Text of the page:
Chronological History of Albion’s West Ward.
- Brown vs. Board of Education
- West Ward School Closes
The agitation that led to the closing of Albion’s segregated West Ward School was a precursor of the larger civil rights struggle in the 1950s United States. The tactics employed – protest, use of NAACP legal support, taking the issue beyond control of the local governing body – were those that would be used in the near future to desegregate schools across the country.
The closing of Albion’s once segregated school came seven months before the Supreme Court’s decision in Brown v. Board of Education which outlawed the doctrine of “separate but equal.”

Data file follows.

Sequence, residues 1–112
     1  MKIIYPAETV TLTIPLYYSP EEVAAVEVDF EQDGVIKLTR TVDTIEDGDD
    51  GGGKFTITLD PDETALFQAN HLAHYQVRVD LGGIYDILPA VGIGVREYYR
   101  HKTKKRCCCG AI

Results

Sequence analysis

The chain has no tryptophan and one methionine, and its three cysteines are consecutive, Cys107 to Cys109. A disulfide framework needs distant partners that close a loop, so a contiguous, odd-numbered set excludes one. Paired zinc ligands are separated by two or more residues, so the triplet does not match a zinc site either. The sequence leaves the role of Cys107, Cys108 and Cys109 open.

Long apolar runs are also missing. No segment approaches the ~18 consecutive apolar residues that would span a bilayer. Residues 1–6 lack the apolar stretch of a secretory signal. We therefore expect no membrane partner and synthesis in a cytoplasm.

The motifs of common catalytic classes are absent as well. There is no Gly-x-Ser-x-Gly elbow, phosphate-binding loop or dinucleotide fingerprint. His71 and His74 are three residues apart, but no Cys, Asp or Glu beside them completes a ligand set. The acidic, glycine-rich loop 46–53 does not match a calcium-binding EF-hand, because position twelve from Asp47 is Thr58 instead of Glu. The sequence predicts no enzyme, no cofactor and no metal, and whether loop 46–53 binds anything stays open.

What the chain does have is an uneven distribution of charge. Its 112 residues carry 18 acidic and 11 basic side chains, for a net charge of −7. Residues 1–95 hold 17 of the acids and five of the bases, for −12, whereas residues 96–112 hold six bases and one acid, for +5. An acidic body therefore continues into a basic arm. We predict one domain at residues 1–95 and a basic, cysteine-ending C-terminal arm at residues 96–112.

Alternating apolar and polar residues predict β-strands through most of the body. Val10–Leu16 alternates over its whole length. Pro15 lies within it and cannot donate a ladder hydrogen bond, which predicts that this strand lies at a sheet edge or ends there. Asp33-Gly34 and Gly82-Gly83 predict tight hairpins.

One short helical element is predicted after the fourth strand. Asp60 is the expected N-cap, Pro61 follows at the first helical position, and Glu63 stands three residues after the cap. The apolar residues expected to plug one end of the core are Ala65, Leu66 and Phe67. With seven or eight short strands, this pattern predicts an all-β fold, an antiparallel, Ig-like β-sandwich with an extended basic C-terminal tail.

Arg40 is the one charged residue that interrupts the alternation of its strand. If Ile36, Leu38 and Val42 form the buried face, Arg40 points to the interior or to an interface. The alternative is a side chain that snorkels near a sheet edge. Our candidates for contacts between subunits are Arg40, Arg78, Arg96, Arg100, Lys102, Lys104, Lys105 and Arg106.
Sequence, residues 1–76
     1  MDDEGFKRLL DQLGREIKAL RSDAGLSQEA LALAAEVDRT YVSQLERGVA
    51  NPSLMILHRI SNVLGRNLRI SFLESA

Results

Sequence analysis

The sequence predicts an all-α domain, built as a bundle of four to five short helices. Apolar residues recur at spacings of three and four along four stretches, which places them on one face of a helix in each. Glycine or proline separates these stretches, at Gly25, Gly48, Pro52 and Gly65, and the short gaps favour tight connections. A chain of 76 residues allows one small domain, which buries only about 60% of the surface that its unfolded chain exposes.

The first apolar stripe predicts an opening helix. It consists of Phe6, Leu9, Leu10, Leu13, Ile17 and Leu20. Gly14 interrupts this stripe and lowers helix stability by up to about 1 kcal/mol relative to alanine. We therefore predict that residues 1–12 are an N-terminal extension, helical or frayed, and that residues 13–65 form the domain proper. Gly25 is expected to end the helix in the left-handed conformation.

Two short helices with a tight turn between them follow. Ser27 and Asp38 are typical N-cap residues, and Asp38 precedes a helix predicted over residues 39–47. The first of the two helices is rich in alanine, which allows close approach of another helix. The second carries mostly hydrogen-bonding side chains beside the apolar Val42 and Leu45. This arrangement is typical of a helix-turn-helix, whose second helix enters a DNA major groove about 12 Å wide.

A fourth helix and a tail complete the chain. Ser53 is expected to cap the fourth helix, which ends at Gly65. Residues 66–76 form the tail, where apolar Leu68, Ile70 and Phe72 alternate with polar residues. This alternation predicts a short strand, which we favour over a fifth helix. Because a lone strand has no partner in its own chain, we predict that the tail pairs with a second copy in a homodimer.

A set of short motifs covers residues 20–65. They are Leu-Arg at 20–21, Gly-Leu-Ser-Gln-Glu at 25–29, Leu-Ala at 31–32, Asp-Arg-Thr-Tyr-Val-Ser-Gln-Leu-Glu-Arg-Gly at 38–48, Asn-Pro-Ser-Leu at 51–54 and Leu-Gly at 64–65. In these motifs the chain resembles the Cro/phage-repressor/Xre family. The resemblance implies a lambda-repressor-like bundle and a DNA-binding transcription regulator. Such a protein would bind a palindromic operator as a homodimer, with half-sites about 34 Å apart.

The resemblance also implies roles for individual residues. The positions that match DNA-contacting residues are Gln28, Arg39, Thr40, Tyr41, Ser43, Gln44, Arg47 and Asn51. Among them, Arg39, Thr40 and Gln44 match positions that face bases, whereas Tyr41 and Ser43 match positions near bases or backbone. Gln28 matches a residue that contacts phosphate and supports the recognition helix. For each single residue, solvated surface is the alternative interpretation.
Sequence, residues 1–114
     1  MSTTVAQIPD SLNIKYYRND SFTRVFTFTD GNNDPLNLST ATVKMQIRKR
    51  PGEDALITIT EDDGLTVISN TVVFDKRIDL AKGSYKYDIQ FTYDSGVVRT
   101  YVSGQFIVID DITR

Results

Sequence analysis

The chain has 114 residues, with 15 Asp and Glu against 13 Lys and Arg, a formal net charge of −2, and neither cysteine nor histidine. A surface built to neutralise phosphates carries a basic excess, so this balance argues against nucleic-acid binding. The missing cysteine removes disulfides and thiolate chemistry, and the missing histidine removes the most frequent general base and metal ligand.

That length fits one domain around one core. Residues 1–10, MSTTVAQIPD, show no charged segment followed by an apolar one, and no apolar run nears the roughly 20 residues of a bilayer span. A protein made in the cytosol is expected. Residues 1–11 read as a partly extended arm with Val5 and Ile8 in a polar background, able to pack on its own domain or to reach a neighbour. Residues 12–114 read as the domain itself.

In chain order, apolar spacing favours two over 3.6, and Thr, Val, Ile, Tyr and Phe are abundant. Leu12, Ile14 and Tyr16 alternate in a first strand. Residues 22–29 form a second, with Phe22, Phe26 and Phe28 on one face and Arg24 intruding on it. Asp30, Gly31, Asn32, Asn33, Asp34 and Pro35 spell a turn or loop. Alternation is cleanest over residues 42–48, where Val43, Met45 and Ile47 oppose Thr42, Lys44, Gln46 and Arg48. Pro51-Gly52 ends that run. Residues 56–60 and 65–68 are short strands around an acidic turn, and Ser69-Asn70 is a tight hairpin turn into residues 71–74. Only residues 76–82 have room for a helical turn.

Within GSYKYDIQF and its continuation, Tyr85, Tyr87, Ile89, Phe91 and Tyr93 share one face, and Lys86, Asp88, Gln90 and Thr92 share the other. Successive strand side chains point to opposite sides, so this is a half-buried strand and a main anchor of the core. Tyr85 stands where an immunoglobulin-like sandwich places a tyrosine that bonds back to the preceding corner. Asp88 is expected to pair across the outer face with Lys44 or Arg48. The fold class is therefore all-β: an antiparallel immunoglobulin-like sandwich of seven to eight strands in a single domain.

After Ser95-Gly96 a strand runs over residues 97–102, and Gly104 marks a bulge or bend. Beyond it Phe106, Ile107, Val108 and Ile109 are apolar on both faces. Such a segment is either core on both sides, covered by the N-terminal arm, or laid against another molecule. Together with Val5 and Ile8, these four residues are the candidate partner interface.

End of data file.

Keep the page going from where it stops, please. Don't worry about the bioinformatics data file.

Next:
- African American School Opens
At the request of African American parents who settled the surrounding neighborhood, Albion School Board approved West Ward School for African American students and teachers. Students were educated at the Community Church on Cass Street, built for the new arrivals by Albion Malleable Iron Company, until the West Ward School alterations could be completed.
- Dalrymple School Opens
- African American Migration to Albion Begins
Albion's chapter of the Great Migration begins when workers are recruited from the South to work in the Albion Malleable Iron Company.
- West Ward School Erected
West Ward School was erected in 1873 as a two-room school populated mostly by the children of European immigrants.
- Native Migrations
Potawatomi and other neighboring native tribes inhabited and traversed this area of South Central Michigan. The Territorial Road (now approximately I-94) and the Kalamazoo River were the main travelled routes from the interior to Detroit for trade and treaty annuities.